Wood, Pressed

The following article is from The Great Soviet Encyclopedia (1979). It might be outdated or ideologically biased.

Wood, Pressed


a building material, wood subjected to compression at right angles to the grain under pressures as high as 30 meganewtons per sq m (300 kilograms-force per sq cm). Pressed wood has a density of 1,200 to 1,450 kg per cu m; depending on type of pressing, it is designated as compressed from one side or two, or as compressed to contour. One-sided compression is done by pressing beams of wood in a single direction across the grain, and two-sided compression involves pressing in two directions. The second method provides greater density. Pressing to contour is done by pressing a cylindrical stock of wood into a metal cylinder of smaller diameter. The breaking point for pressed wood under static bending or compression with the grain, as well as the hardness of the butt-end surface, is two to three times that of natural wood. Pressed wood replaces ferrous and nonferrous metals and textolite in industry and is used to make loom picker sticks, sliding bearings subject to abrasive wear, and other products.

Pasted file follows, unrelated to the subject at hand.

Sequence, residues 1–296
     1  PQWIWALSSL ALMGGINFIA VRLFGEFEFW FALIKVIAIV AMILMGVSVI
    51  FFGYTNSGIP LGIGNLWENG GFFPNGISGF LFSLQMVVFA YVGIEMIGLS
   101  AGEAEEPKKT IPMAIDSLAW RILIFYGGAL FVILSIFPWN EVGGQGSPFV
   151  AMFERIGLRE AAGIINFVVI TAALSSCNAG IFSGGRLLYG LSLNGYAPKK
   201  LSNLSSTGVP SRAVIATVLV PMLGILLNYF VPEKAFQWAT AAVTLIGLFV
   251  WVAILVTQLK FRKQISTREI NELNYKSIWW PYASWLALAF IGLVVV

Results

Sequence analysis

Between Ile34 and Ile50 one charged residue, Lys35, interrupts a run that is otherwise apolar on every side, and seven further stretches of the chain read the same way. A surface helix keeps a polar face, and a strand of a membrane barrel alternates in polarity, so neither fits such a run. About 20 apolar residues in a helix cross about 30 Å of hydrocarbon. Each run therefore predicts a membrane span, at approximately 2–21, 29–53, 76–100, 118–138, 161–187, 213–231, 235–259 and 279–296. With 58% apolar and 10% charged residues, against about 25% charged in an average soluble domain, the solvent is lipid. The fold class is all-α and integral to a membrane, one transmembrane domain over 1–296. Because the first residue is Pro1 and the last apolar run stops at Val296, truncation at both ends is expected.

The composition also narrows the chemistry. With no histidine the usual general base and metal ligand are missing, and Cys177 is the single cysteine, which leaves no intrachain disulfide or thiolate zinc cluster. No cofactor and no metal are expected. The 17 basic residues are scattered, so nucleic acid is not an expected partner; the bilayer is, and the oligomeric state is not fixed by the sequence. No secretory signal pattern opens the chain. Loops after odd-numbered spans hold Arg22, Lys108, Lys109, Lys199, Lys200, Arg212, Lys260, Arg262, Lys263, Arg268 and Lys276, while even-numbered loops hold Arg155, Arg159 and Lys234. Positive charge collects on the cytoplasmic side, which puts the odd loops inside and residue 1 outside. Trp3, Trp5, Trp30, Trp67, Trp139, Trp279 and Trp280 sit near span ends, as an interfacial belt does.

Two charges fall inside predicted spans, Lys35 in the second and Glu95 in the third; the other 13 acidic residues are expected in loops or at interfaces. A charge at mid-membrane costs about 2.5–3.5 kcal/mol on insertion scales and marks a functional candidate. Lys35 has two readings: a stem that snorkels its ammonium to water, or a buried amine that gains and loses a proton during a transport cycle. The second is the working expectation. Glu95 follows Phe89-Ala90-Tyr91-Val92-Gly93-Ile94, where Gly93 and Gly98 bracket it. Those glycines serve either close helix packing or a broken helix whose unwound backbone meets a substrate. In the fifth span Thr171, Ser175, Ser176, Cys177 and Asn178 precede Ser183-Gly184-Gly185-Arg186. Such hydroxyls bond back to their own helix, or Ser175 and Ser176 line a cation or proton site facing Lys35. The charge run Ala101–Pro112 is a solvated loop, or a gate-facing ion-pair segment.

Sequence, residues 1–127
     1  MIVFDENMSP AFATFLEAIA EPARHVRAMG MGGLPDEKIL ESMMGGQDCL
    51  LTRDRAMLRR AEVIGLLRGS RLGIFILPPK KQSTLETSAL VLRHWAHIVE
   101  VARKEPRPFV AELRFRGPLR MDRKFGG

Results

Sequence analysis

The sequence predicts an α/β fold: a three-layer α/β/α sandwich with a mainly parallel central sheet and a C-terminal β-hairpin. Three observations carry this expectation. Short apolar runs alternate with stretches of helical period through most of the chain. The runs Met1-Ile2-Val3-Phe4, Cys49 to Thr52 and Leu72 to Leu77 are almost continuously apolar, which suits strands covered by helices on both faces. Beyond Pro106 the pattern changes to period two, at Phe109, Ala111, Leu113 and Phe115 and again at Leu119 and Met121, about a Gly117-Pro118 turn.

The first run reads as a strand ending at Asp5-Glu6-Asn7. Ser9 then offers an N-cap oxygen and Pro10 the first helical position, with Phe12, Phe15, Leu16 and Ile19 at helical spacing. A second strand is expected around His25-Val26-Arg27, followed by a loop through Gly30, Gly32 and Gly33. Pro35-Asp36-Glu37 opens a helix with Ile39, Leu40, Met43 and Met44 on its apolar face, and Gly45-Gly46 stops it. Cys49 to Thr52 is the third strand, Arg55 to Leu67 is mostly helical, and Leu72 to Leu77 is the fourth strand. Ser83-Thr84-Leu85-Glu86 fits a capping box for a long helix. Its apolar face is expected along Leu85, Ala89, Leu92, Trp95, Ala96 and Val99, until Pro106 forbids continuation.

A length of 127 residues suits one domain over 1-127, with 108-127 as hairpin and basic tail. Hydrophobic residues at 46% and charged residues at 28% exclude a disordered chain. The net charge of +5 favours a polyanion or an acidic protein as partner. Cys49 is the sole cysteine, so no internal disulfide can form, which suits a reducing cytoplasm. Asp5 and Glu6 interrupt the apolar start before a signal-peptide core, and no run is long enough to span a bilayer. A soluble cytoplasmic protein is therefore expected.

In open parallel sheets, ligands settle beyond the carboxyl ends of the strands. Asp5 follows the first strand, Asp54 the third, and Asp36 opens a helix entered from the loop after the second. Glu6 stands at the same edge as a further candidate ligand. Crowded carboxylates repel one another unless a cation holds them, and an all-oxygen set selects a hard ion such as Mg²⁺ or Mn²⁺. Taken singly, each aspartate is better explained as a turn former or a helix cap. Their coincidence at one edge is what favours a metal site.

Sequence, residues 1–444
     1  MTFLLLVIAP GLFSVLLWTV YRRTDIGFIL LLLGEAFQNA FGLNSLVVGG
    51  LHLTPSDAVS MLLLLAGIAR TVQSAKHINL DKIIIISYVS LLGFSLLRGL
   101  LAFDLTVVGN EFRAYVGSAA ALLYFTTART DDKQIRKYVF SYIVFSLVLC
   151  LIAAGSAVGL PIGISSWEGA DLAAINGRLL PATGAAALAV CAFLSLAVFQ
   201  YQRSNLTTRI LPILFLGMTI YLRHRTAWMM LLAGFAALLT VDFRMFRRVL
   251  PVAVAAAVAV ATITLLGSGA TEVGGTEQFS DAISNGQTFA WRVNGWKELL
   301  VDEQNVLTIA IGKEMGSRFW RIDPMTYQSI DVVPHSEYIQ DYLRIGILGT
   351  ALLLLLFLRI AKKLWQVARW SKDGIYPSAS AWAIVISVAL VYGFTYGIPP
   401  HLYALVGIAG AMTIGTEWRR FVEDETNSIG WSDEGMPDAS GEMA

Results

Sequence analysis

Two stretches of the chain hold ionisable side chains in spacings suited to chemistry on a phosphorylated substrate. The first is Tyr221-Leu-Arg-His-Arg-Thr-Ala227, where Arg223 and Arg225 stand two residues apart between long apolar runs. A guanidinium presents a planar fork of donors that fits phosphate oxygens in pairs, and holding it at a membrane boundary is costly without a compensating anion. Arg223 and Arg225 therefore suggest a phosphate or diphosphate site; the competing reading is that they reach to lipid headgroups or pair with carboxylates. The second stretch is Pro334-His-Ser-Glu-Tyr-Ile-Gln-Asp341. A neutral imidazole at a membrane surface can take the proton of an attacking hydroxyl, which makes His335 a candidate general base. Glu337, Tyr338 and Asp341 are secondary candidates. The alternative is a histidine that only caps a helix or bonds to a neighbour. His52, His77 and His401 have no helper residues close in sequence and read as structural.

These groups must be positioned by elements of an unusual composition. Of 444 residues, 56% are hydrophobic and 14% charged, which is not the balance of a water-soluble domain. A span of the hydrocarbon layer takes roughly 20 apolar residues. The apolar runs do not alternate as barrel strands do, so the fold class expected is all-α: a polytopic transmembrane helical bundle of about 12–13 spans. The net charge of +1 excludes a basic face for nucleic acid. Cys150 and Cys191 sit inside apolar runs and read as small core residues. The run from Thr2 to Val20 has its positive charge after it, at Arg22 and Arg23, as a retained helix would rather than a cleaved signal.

Khukhrianskii, P. N. Pressovanie drevesiny, 3rd ed. Moscow, 1964.
Spravochnik fanershchika. Moscow, 1968.


The Great Soviet Encyclopedia, 3rd Edition (1970-1979). © 2010 The Gale Group, Inc. All rights reserved.
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